I’ve been listening to Steve – songsmith, multi-instrumentalist, political commentator, troubadour, activist – for more than twenty years. He has written the soundtrack to my life. I feast on each new CD that I hear and somehow this southern boy from Texas, ex-heroin addict, ex-con but also anti-war, anti-death penalty, anti-insanity activist has spoken in his music of my own experiences, moods, frustrations and loves.  When he was singing songs of restlessness, I was restless.  When he’s been angry at his government, I’ve also been livid.  Now he’s in love both with his new wife and with his new city, New York, where he moved to after years of living in Tennessee.  And although I’m not in the big love, I am in love with the Hammer, this rusty little city I live in. 

He has constantly expressed my politics in beautiful simple poetic lyrics and gone down a number of musical avenues from country to rock to tropical to folk to bluegrass and taken me with him on each ride. Tonight, after playing his guitars, mandolin, and banjo and dueting with his wife, he played with a DJ behind him providing electronic beats. He has so many songs, all great. And although there was a big representation in the Hammer-crowd of drunken wild folks demanding “Copperhead Road” (which you can see him cringe to with impatient disdain, for it would seem that, fifteen years later, it is the only song people know of despite a repertory of hundreds), the majority of the audience were singing along to his lyrics from several of his albums, demonstrating that they, like me, were in awe.  To have the chance to sit twenty feet from him, down below the high stage of the Festival of Friends, on the concrete ground (which, of course also doubled as a seat right on the dancefloor), be encouraged by him to sing out, and to be able to watch his face as he sang, and watch his subtle and not so subtle reactions to the antics of the crowd, well, in an odd way,  at moments it was like it was just him and me and we forgot the other ten thousand folk.  In fact, I’m quite sure he smiled at me at one point. Sigh.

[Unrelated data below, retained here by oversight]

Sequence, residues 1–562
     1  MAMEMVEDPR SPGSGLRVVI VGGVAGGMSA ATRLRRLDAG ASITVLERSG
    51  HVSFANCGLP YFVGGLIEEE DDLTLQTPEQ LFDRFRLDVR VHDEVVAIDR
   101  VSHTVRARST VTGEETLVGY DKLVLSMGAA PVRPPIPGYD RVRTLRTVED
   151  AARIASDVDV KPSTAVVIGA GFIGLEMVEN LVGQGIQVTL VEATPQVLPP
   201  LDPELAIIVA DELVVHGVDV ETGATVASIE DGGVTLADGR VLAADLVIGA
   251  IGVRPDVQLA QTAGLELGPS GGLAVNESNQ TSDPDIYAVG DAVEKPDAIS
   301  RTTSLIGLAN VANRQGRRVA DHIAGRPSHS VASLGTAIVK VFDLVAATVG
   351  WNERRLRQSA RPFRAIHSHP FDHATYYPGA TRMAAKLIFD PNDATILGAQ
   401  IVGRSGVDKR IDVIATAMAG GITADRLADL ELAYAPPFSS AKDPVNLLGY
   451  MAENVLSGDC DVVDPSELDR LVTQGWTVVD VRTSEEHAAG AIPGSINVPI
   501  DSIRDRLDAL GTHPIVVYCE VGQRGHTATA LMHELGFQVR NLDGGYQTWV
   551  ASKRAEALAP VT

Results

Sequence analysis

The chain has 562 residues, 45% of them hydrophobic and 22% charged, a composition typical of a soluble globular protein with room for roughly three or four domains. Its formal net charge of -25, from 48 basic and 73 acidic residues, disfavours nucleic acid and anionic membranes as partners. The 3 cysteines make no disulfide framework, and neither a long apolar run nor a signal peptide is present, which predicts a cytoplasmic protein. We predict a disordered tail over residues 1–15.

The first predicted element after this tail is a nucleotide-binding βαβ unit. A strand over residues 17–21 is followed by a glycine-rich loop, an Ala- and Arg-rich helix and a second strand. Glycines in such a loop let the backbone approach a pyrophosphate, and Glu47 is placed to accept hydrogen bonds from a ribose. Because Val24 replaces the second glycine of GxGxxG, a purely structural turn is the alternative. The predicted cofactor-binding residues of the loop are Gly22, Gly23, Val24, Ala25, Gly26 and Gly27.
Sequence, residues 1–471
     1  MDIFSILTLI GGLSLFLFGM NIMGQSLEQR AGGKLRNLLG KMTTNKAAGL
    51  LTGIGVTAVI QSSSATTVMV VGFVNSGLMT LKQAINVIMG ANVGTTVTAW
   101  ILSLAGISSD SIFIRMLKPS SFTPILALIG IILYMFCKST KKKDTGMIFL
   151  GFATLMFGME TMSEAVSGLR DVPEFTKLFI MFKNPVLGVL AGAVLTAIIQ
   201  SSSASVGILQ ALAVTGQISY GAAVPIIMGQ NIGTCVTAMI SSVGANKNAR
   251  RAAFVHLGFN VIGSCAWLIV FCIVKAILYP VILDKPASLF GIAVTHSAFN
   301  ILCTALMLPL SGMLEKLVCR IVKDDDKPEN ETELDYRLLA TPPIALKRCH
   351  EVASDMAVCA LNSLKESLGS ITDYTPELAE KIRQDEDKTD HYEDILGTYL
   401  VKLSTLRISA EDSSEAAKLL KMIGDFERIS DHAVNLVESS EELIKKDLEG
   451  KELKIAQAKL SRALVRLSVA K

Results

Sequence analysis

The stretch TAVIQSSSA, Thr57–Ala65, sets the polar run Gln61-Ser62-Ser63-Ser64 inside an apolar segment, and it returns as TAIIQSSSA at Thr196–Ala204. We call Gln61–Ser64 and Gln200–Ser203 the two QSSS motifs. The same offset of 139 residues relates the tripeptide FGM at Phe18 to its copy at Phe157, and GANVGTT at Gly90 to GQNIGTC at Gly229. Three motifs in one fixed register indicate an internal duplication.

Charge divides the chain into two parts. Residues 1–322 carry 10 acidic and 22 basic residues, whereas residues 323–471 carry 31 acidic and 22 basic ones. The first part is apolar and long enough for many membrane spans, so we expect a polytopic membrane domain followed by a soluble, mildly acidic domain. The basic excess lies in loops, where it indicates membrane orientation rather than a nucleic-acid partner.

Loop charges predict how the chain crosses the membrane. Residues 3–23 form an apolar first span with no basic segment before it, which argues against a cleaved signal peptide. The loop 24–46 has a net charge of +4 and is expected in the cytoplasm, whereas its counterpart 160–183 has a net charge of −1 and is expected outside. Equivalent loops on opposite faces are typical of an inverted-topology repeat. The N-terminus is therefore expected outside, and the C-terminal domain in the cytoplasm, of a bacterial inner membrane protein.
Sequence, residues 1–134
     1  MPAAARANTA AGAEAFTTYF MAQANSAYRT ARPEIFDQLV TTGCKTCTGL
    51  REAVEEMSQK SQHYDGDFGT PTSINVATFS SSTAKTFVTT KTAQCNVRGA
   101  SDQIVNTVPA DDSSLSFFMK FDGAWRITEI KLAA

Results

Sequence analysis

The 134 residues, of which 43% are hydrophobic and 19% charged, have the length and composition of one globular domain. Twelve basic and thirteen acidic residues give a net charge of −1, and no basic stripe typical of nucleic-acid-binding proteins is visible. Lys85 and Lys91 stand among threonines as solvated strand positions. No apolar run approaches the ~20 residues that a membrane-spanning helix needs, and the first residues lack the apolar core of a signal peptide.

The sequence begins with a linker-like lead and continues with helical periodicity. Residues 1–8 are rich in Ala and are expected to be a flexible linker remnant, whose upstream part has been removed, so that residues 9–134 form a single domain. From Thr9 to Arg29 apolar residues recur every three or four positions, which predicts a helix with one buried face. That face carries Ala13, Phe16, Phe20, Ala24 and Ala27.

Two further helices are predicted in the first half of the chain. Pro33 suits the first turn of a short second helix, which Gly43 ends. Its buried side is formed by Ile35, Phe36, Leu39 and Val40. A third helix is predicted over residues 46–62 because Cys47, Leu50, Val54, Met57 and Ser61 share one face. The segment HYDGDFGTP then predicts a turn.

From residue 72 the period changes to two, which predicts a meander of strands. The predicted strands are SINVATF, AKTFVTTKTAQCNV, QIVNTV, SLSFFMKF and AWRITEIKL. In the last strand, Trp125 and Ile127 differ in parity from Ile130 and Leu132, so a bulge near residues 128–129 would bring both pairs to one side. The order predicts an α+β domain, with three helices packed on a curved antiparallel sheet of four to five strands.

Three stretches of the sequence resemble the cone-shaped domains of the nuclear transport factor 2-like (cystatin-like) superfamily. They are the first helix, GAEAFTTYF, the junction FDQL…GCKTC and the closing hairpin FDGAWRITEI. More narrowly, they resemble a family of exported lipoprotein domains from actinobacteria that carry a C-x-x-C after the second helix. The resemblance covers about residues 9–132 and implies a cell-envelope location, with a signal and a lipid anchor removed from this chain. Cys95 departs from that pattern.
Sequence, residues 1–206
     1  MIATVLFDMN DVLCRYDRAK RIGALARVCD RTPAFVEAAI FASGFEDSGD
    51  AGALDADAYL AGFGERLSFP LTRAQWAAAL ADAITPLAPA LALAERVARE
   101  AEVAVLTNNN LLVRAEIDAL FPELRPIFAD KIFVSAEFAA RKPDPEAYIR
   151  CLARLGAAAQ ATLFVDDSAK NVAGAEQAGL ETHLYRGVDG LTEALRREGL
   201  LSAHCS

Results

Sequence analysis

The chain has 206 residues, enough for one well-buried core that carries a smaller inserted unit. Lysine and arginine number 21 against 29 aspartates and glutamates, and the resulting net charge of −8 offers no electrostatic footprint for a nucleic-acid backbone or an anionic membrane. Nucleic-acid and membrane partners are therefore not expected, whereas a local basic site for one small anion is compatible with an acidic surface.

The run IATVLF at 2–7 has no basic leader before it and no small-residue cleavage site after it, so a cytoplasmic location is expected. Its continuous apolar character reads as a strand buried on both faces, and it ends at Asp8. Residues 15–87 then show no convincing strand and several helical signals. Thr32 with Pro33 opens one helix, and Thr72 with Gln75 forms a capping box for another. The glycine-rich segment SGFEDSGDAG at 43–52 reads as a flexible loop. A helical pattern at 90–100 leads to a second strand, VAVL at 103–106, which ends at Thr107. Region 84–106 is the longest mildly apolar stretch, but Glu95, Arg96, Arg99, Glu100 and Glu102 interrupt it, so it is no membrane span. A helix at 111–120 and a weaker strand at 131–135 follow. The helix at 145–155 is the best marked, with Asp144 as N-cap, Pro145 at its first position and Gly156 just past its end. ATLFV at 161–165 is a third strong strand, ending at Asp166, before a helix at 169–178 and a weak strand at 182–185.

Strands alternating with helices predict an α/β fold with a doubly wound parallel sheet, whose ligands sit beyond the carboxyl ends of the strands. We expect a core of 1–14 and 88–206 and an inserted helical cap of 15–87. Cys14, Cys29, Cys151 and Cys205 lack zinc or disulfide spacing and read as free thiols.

His wife, Allison Moorer, played the first set and although the best thing about her for me is that she is Steve’s wife, I do enjoy them singing together and she is a good singer of songs.  I do know from reading her blog that they are both readers, and she writes about the books she reads.  So after my soul was totally swelled by the sounds of Steve, I lingered outside his black bus for a good half hour or more with the other diehard Steve fans – all guys wanting to get their albums and CD covers signed.